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'Occupy' protesters complete New York to D.C. march

Aristide Economopoulos/The Star-Ledger

Holding an American flag, Michael Glazer, from Chicago leads Occupy Wall Street protesters across the Hackensack River in Jersey City, N.J. on Nov. 9. The group arrived in Washington, D.C. on Tuesday.

More than 40 "Occupy" protesters who have marched 240 miles over 14 days from New York to Washington, D.C., reached their destination on Tuesday, said organizer Michael Glazer, a 26-year-old unemployed and homeless actor from Chicago.

Ranging in age from 18 to over 50-plus, the protesters set out on the hike to spread the word about the movement, meet with members of other "Occupy" desmontrations in Baltimore and Philadelphia and to send a message to Congress that it can’t put off dealing with the nation’s fiscal problems, Glazer said as they marched the last remaining miles to their final stop of McPherson Square – home of the Occupy D.C. encampment.


But the big aim "was to protest the supercommittee, which ... is essentially a big giant debacle," Glazer said. "… (They’re) not dealing with problems now, that’s not great leadership, they’re just doing the easy thing.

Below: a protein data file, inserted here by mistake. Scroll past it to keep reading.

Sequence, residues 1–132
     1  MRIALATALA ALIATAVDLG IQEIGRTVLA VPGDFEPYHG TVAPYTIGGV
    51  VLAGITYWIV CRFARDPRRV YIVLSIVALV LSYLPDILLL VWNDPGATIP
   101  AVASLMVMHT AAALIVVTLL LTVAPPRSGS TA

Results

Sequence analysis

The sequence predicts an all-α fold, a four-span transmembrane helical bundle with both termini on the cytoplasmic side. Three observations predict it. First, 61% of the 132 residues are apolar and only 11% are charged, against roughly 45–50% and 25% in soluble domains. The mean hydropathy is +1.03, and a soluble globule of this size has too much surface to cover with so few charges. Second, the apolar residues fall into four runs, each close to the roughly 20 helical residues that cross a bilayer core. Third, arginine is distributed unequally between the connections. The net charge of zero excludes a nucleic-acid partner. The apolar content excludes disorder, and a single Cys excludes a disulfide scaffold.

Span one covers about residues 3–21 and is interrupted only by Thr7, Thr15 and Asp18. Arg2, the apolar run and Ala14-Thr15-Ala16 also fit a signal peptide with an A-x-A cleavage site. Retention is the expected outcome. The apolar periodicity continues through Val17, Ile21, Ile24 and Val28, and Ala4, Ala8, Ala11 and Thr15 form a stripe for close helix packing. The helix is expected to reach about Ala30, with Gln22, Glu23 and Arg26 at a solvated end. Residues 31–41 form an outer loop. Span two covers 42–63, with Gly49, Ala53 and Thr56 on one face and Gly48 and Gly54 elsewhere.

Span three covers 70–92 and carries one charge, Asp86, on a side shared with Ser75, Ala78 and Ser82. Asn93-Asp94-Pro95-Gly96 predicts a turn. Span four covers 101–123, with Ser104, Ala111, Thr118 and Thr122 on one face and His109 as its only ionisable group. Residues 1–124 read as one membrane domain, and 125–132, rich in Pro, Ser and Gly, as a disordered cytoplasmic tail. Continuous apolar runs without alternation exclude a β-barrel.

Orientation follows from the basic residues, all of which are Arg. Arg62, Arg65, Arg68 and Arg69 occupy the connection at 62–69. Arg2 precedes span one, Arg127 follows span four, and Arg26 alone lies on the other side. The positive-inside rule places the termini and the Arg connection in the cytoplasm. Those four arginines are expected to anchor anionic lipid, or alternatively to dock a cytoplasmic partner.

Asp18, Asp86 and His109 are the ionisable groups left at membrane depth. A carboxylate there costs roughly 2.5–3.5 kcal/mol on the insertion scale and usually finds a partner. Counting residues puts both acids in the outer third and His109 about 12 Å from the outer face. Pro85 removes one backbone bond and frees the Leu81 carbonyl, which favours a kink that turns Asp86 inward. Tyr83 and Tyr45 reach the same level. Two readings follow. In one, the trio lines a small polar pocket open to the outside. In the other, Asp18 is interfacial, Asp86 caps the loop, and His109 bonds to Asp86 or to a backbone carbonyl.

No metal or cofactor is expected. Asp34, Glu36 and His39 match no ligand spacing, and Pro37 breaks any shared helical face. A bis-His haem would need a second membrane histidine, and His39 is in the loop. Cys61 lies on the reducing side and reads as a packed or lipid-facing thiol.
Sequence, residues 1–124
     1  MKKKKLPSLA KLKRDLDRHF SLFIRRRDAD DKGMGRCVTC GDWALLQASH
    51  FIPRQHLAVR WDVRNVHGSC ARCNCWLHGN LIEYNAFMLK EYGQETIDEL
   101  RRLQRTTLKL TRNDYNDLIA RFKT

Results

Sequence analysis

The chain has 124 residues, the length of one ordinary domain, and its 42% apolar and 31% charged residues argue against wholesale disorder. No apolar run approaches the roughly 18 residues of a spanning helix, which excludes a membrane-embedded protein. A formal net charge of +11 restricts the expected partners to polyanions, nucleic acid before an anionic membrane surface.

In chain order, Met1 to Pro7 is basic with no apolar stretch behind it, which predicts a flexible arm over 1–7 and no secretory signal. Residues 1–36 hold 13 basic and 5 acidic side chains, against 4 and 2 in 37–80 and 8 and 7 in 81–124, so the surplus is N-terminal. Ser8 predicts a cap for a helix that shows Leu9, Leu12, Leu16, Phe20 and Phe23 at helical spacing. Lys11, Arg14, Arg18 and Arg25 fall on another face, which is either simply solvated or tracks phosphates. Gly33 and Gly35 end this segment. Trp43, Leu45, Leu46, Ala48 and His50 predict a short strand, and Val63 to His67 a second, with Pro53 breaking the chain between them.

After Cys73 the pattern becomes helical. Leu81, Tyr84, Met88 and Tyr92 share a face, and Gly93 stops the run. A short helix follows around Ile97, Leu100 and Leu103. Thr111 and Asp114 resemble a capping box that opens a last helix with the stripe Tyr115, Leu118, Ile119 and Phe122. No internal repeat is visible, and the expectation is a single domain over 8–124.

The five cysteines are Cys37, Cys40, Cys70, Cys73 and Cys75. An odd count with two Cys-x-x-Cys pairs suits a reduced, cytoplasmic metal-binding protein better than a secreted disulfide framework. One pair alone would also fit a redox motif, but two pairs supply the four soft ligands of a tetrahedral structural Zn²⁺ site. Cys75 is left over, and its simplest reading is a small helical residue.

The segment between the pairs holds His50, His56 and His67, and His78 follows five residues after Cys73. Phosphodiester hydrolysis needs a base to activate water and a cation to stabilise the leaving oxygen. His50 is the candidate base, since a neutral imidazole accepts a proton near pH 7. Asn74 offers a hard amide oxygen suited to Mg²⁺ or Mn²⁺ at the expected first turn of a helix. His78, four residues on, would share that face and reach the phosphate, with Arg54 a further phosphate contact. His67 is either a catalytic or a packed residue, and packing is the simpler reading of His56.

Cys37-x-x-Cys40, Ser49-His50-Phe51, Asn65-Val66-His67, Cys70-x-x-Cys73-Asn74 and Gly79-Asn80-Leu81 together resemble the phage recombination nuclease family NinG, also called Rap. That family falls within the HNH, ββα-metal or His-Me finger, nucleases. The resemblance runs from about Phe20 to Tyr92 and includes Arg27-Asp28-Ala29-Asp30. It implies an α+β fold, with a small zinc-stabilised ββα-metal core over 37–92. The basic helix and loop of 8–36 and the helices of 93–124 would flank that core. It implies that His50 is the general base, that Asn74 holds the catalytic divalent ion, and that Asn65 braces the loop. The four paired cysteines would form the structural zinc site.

Styling themselves after the freedom riders of the Civil Rights movement, their march has been marked by highs, such as warm receptions at "Occupy" camps in Baltimore and Philadelphia. 

But they have had some lows, too, with some hecklers calling them “communists” and “Russians.” There also were arguments with newcomers to the march – about 20 joined along the way -- who wanted to cancel the general assemblies held at the end of each day's hike.

“This was set up to be a pretty grueling march,” Glazer said, as other marchers chanted “All day, all week, Occupy Wall Street.” “We figured it out, but it took a while for people to come around to understand that … It’s a leaderless movement, you know, nobody is a leader on the march.”

To demand or not to demand? That is the 'Occupy' question

While they were en route, the eviction of the flagship Occupy Wall Street encampment in New York City took place early on Nov. 17.

Glazer said he watched in horror as the events unfolded on Livestream.

 “We felt kind of guilty for being out on the road but we knew … that we had to keep doing what we were doing,” he said.

They walked 31.5 miles on Monday trying to get to DC ahead of the supercommittee’s announcement that it had failed to reach a deficit-reduction deal. They had originally planned to arrive Tuesday, before the Wednesday midnight deadline for the committee to complete its work.

“We didn’t expect (it) to work in the first place because it was set up to fail. They didn’t give us any reason to think that they were going to make it work,” he said.

Dissension among the ranks at Occupy Wall Street

Though the march was trying, Glazer said they were looking ahead to a larger one in the spring. In the meantime, he said, they had increased awareness of the "Occupy" movement and proved “a lot of naysayers wrong."

“It proves that rain can’t hold us back from sending our message out there and having our voices be heard. It proves that distance can’t do that. It proves that physical injury, physical exhaustion can’t do it … and that ultimately, this isn’t some fad that’s starting to fade away at the end of 2011. This is just something that’s here to stay.”